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I am making a 2D simulation of an ensemble of electric dipoles as a free-choice project in numerical science. I plan to calculate forces applied to each end of the dipole. The trouble is that I don't know how to apply forces that are not aligned with the center of mass.

2d system

In the diagram above we have a free-floating object with center of mass, $C$, and moment of inertia. Force $F$ is applied at displacement $R$ from the the center of mass. What is the force and torque applied at the center of mass?

I presume the force exerted parallel to $R$ is just $F$ projected on $R$ Torque is possibly $F$ times $R$ times the sine of the angle between $R$ and $F$

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Let me suggest an alternative approach, whereby you model more from first principles, and end up not even needing to consider torque, etc, per se. They just automatically emerge from the first-principles model dynamics, as follows.

I'd imagine you're thinking of a dipole as two point charges $+q,-q$ subject to the constraint that they're separated by a constant distance, as though connected by a massless "virtual rigid rod" of length $R$ (as labelled in your diagram). And now you've got to think about torques, centers of mass, etc.

Now, since this is just a project (i.e., no buildings are going to fall down, etc), think about dipoles the following way, instead. You've still got your $+q,-q$ charges, as before, but they're no longer constrained by a "virtual rod", per se. Instead, they're subject to an additional rod-like-central-force of the form $F_{rod}=-k(d_q-R)^3$ that acts along the line joining $+q,-q$, where $d_q$ is the distance between $+q$ and $-q$, with $F$ attractive when $d_q>R$ (and repulsive when $d_q<R$). And $k$ is arbitrarily chosen very large, so that the "rod" is very "stiff", i.e., when $d_q\not=R$ the restoring force drags the two particles back to equilibrium $R$ pretty much immediately. And, of course, that $(d_q-R)^3$ is also arbitrary -- you could use some exponential function of $d_q$ and $R$, or any kind of function you like.

So now your entire programming model is just a bunch of central forces acting on point masses. You've presumably already programmed your Coulomb forces. Now, in addition, just program your $F_{rod}$ forces. Moreover, you described your model as an "ensemble of dipoles". Forget that description, per se. Consider your model described as an "ensemble of point charges" plus an "ensemble of edges", giving you a disconnected graph. Each "edge" connects the "vertices"/charges comprising a dipole. And the "edge weight" (are you familiar with all this from graph theory?) is your $R$, which can be different for each dipole (you could even parameterize "edges" to have different $k$'s for each dipole, and/or different $F_{rod}$ force laws, describing different families of charged particles).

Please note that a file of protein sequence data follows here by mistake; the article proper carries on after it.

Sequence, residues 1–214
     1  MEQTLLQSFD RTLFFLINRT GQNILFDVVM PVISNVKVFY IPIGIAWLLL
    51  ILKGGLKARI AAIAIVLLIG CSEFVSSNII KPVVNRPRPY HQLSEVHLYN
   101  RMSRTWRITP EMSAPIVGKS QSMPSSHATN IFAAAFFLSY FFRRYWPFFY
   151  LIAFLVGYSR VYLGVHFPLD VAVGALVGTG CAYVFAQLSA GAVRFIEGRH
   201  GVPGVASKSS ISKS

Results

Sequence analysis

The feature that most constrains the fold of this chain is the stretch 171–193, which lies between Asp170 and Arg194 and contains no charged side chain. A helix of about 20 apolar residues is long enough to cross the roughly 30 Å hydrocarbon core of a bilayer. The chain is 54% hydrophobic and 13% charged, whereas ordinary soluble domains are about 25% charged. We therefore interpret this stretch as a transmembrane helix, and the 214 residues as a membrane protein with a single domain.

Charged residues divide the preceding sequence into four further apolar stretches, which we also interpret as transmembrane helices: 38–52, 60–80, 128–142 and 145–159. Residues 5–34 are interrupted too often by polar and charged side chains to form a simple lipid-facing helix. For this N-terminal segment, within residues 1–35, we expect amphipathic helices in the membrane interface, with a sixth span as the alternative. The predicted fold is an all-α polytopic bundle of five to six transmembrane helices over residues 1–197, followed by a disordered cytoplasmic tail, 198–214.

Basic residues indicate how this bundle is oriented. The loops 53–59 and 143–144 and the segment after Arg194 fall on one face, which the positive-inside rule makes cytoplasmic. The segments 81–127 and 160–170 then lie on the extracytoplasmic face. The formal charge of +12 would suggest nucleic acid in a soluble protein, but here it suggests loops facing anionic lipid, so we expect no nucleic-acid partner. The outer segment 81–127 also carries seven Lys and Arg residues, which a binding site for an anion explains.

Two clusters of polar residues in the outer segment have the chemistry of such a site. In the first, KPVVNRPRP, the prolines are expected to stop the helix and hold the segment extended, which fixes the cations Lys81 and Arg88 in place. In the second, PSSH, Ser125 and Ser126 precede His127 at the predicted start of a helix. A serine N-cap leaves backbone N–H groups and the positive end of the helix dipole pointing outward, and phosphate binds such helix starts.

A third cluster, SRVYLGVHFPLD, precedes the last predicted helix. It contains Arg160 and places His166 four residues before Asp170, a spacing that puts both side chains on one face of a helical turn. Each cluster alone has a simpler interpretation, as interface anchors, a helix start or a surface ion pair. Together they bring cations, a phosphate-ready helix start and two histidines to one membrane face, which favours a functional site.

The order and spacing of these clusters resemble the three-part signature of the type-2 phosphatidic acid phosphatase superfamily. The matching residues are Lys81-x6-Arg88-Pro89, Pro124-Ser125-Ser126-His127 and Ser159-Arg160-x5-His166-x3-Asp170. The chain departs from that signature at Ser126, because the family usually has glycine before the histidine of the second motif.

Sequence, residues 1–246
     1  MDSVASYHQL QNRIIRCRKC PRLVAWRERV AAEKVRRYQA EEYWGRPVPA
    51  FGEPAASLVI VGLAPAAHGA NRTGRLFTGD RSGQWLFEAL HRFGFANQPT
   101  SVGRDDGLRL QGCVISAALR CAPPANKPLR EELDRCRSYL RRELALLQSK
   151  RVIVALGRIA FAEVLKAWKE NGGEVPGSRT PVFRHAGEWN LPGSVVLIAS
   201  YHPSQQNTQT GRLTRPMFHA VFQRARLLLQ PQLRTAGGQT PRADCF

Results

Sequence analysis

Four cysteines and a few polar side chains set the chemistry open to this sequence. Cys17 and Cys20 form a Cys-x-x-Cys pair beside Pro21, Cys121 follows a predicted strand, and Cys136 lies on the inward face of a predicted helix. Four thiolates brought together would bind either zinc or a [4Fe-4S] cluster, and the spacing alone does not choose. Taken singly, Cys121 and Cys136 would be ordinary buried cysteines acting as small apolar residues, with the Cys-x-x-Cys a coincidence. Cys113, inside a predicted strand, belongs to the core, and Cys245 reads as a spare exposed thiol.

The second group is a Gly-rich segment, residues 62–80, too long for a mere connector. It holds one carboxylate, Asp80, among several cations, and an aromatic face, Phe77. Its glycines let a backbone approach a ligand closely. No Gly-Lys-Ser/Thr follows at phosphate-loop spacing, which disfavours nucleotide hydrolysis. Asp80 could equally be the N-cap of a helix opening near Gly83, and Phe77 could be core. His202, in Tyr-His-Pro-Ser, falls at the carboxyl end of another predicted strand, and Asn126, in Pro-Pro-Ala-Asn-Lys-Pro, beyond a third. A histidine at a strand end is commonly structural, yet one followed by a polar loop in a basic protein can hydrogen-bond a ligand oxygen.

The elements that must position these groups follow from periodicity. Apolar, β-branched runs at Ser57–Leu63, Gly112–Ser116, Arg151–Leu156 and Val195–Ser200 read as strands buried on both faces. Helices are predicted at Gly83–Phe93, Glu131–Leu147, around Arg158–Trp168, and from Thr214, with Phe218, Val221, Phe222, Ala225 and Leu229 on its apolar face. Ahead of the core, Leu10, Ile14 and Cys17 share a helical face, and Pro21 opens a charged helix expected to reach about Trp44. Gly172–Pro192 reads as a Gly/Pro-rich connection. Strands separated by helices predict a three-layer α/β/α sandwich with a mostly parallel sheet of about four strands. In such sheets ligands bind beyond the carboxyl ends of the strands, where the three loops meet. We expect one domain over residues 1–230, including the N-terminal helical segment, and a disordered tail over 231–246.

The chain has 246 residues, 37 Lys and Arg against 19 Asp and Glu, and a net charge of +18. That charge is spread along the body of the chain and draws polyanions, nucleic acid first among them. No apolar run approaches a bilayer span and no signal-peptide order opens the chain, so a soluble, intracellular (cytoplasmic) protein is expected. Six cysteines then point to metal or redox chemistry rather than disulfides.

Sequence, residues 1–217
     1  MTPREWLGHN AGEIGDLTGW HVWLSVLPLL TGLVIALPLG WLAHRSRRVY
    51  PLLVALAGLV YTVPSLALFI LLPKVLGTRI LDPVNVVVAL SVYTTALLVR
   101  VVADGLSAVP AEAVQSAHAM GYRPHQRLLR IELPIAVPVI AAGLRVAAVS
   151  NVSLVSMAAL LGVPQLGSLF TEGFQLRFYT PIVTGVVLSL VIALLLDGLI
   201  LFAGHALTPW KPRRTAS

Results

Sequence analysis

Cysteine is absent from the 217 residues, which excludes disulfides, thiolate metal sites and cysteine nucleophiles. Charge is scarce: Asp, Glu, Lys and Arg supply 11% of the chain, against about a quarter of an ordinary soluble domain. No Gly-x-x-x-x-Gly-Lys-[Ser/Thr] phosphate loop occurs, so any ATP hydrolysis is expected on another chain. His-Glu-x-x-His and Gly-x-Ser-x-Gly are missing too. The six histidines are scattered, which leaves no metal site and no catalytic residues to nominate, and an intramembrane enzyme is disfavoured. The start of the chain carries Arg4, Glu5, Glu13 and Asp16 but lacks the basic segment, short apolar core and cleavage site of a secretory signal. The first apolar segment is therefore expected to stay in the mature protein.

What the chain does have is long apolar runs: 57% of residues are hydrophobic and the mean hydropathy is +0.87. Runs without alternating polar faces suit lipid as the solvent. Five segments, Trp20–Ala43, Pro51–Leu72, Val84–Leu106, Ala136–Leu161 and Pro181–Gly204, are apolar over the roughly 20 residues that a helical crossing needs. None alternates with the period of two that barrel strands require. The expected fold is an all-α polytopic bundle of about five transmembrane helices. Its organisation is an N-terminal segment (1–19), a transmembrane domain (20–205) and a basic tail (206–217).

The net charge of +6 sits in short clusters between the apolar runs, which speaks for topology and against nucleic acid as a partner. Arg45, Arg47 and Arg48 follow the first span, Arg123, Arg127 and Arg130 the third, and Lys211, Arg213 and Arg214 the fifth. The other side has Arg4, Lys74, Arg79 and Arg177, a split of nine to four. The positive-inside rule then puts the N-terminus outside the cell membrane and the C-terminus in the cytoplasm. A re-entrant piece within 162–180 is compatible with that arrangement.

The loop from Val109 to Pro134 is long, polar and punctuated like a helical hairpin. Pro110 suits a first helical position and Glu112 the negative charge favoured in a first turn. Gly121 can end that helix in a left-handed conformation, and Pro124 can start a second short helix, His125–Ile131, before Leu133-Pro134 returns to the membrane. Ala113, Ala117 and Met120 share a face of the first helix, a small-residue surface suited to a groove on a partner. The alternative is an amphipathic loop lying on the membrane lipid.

So now you've got simple data structures with simple loops to sum up all the central forces (both Coulomb and our $F_{rod}$) acting on each charge. No explicit calculations involving torques or centers of mass, etc. That all emerges as an implicit result of the central force actions. You just explicitly need all those central forces, easy and straightforward to model. Moreover, you can now model not only dipoles, but dipoles plus "free-floating" point charges (i.e., not all your $q$'s need be connected by edges). That would be like an ionized plasma with dipoles in it.

So it's significantly easier to program this way, and lots more general with respect to the kinds of physical situations you can model. Sounds like win-win to me:)

Edit: Extended reply to op's comment below...

Very fundamentally, note that real-life dipoles don't have "virtual rods" constraining the motion of their charges. Consider, for example, a polar water molecule. There are no "rods" -- just forces such that the appropriate molecular Hamiltonian leads to a dipole after solving Schrodinger's equation. Ditto any other kind of dipole -- no "rods". And the center of mass is always an empty point in space, i.e., no physical particle's there. So there's never any force actually acting on the center of mass, simply because there's nothing there to be acted on.